Artificial intelligence ‘fingerprinting’ fights hard-to-detect cancers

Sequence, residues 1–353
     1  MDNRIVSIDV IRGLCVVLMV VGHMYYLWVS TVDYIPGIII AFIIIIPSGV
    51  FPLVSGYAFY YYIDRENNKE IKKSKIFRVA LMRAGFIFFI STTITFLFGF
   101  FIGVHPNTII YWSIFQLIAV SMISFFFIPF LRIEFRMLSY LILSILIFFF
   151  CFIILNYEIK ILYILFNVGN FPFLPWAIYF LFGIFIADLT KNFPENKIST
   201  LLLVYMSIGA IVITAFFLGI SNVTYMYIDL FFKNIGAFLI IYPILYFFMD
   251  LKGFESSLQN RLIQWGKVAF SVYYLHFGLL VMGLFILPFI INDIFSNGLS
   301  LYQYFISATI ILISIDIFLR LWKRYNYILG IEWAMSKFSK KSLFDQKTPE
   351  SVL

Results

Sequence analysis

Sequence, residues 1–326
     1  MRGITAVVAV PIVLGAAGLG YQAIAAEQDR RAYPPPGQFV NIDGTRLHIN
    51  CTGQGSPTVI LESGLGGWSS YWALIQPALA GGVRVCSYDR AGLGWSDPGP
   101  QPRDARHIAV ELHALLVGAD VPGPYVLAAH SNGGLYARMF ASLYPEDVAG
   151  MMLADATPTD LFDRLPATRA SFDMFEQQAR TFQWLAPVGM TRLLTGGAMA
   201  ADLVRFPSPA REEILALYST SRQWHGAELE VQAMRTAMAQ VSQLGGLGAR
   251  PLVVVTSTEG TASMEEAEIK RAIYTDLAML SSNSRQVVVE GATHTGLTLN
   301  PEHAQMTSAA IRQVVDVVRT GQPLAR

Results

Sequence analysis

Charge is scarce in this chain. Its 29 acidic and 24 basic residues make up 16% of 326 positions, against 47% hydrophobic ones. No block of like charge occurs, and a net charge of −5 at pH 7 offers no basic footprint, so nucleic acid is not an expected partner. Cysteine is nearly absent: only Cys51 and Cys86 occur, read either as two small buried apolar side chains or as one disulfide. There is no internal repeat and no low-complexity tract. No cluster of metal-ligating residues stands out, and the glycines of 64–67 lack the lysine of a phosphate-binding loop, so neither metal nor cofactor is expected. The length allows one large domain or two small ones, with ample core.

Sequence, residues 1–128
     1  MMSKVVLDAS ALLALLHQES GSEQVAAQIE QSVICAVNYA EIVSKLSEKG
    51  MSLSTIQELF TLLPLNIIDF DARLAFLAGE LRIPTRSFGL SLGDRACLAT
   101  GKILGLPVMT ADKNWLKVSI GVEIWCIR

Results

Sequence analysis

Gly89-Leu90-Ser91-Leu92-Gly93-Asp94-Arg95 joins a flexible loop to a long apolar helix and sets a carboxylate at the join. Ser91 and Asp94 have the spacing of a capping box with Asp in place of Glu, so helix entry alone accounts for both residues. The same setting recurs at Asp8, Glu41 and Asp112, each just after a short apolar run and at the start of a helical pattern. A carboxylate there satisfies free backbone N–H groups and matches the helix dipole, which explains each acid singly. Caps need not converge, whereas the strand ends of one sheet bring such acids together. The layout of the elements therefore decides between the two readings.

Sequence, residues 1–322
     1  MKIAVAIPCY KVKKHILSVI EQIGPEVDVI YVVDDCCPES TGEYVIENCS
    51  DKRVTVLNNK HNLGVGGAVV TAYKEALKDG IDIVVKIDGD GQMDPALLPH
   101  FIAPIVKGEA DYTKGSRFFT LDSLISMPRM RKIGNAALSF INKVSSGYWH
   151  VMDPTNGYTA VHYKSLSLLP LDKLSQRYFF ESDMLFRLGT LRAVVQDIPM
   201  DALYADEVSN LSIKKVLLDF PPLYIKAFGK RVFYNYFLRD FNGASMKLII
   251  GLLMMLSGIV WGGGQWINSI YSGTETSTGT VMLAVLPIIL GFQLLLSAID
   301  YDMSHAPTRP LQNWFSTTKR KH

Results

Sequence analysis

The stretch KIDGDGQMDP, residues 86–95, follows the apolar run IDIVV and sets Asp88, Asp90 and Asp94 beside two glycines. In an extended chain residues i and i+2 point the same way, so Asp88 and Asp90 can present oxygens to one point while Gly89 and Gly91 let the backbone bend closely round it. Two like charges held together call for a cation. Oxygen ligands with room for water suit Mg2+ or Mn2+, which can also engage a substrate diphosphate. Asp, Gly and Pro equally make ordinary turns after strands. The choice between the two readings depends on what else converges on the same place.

Difficult-to-detect cancers like glioblastoma have single-digit survival rates, but to treat them early requires sophisticated techniques to detect, treat and monitor them.Early detection is critical for these conditions, which is why Reveal Surgical is working to change that with its new AI-based Sentry technology, which uses a combination of ARTIFICIAL intelligence and Raman spectroscopy to provide real-time tissue diagnosis for otherwise invisible tumors.Raman spectroscopy uses laser light scattering to detect the molecular structure and composition of materials.In this case, the material is human tissue.Reveal Surgical uses Raman spectroscopy, an optical, non-invasive imaging technology, to generate unique “fingerprints” for different types of tumors, allowing doctors to fingerprint tissue samples, explained Chris Kent, CEO of Reveal Surgical.They were compared with recorded tumors using Reveal software.Reveal designed a cancer “fingerprint” detector using Raman spectroscopy and built a fingerprint database in the ARTIFICIAL intelligence system.This will provide doctors with real-time molecular data on tumors encountered during the examination.Reveal said they collected thousands of fingerprints from hundreds of patients and many different tissues.Reveal then used those fingerprints to build a predictive AI classifier — which, of course, became more accurate over time as the system collected and processed more and more fingerprints.Now, when surgeons examine suspicious tissue, the ‘fingerprints’ they detect will be checked against a fingerprint database.Ai is able to sift through more than 14,000 measurements from five different cancer types and tell you if something is cancer.The classifier can identify hard-to-find cancer tissue in real time, which could allow surgeons to remove more cancer tissue during surgery.For now, Reveal is focusing on identifying brain cancers that are extremely difficult to detect (due to the invasive and complex nature of brain surgery and imaging) and dangerous (like the aforementioned glioblastoma).But the company says the technology is unknown, and it’s exploring applications for Sentry in prostate cancer, lung cancer, and gynecology. The Reveal website also mentions possible applications for breast tissue analysis.Sentry’s job is to help lead the next wave of data-driven surgery.The beauty of ARTIFICIAL intelligence is that it is effective collaboration.It continuously collects data and benefits from the experience of every surgeon who uses it.For now, however, the Sentry tool is for inspection only.

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